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Hans Küng was the first theologian to systematically apply Thomas Kuhn’s ideas to the study of the Christian faith when he wrote Theology for the Third Millenium. In 1991, along with other theologians, Paradigm Change in Theology was published. Terms like paradigms, anomalies, crisis and revolutions have been shown to correspond to distinct epochs throughout history to characterise Christian thought. However, there are also limitations to how far these analogies can go. These limitations, alongside the work of other philosophers of science, in particular Larry Laudan, are here discussed to aid in understanding the development of Christian doctrine.
74. Philosophy and Theology: Volume > 28 > Issue: 2
Ryan G. Duns, SJ Beneath the Shadow of the Cross: A Rahnerian Rejoinder to Jean-Luc Marion
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Building on Peter Fritz’s work, this essay contributes to the dialogue between Jean-Luc Marion and Karl Rahner. Often assumed to be incompatible, I argue that there are sufficient points of contact to merit a consideration of how each conceives the relationship between philosophy and theology. Drawing on Hearer of the Word, my Rahnerian rejoinder challenges Marion to be more explicit about the role faith plays in his phenomenology. Ultimately, their work does not fit readily into philosophy or theology, allowing me to suggest that they are better understood as mystagogical thinkers who draw us more deeply into God’s Infinite Mystery.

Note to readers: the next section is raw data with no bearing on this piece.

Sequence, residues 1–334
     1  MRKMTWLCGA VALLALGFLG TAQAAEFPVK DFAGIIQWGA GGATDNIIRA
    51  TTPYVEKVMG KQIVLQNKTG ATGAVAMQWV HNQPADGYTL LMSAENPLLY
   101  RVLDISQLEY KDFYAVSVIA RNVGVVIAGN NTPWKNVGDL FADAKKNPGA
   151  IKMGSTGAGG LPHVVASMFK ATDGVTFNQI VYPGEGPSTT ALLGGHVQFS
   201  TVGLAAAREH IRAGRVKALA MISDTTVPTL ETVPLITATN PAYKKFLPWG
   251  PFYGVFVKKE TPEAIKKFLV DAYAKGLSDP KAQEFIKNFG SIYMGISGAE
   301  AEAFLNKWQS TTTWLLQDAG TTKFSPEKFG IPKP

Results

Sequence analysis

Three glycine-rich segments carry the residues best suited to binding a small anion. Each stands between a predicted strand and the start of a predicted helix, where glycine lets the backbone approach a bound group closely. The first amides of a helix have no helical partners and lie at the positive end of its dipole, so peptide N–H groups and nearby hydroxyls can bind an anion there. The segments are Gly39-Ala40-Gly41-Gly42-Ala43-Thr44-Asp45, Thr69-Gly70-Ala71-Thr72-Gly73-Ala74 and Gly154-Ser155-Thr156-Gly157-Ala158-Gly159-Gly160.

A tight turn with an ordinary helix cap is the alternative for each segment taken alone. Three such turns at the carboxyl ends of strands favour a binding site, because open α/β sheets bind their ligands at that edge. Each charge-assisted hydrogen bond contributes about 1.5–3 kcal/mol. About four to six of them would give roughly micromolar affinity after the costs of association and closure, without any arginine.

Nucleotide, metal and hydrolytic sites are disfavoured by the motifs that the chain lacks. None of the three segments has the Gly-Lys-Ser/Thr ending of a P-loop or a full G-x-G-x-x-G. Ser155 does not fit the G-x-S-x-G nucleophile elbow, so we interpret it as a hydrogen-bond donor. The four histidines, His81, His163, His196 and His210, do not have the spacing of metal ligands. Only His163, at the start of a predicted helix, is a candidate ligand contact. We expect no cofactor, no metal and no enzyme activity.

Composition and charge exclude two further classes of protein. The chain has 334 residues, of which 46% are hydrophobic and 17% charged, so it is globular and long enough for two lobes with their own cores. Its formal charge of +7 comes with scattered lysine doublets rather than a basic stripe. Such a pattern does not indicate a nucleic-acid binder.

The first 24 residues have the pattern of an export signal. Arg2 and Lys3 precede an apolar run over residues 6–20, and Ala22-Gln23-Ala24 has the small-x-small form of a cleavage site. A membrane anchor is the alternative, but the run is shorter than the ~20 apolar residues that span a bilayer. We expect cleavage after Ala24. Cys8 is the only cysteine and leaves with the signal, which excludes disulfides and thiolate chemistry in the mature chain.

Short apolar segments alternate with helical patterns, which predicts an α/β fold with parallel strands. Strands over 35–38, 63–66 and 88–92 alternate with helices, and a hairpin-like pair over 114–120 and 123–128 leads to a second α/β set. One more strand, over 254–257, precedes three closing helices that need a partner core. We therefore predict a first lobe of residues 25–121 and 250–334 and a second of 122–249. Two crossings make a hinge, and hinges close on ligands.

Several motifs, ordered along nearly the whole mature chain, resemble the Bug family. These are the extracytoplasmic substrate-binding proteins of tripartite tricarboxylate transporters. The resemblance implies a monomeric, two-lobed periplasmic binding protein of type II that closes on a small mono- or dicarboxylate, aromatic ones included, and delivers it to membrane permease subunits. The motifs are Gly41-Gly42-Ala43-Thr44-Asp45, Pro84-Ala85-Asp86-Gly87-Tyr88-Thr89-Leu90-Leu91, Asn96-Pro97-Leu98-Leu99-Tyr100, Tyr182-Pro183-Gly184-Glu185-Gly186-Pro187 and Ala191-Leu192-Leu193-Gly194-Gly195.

75. Philosophy and Theology: Volume > 28 > Issue: 2
Gregory C. Lendvay Unprecedented Creativity: An Analysis of the Metaphor of Learning with the Heart
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Learning with the Heart is a process in which images from memory conflate with imagination and sensation to generate transpersonal awareness. Highlights of the occidental understanding of learning with the heart, embedded in poetic images, religious metaphors, ritualistic gestures, and biological insights as explained by Gerald Edelman, provide a background to examine learning with the heart. Henri Corbin’s metaphor of imaginal perception, the conflation of diverse awarenesses held together and valued through the energy of the heart, can be a focus for examining learning with the heart embedded in ordinary experiences such as in the classroom, in meditation, or in conversation. Corbin’s work invites us to understand the status sui generis of the procreative heart. It has evolutionary implications through generating an unprecedented valuation of the immediate conflation of embodied memory, sensation, and imagination.
76. Philosophy and Theology: Volume > 28 > Issue: 2
James B. Gould Theological Reflective Equilibrium and the Moral Logic of Partnered Homosexuality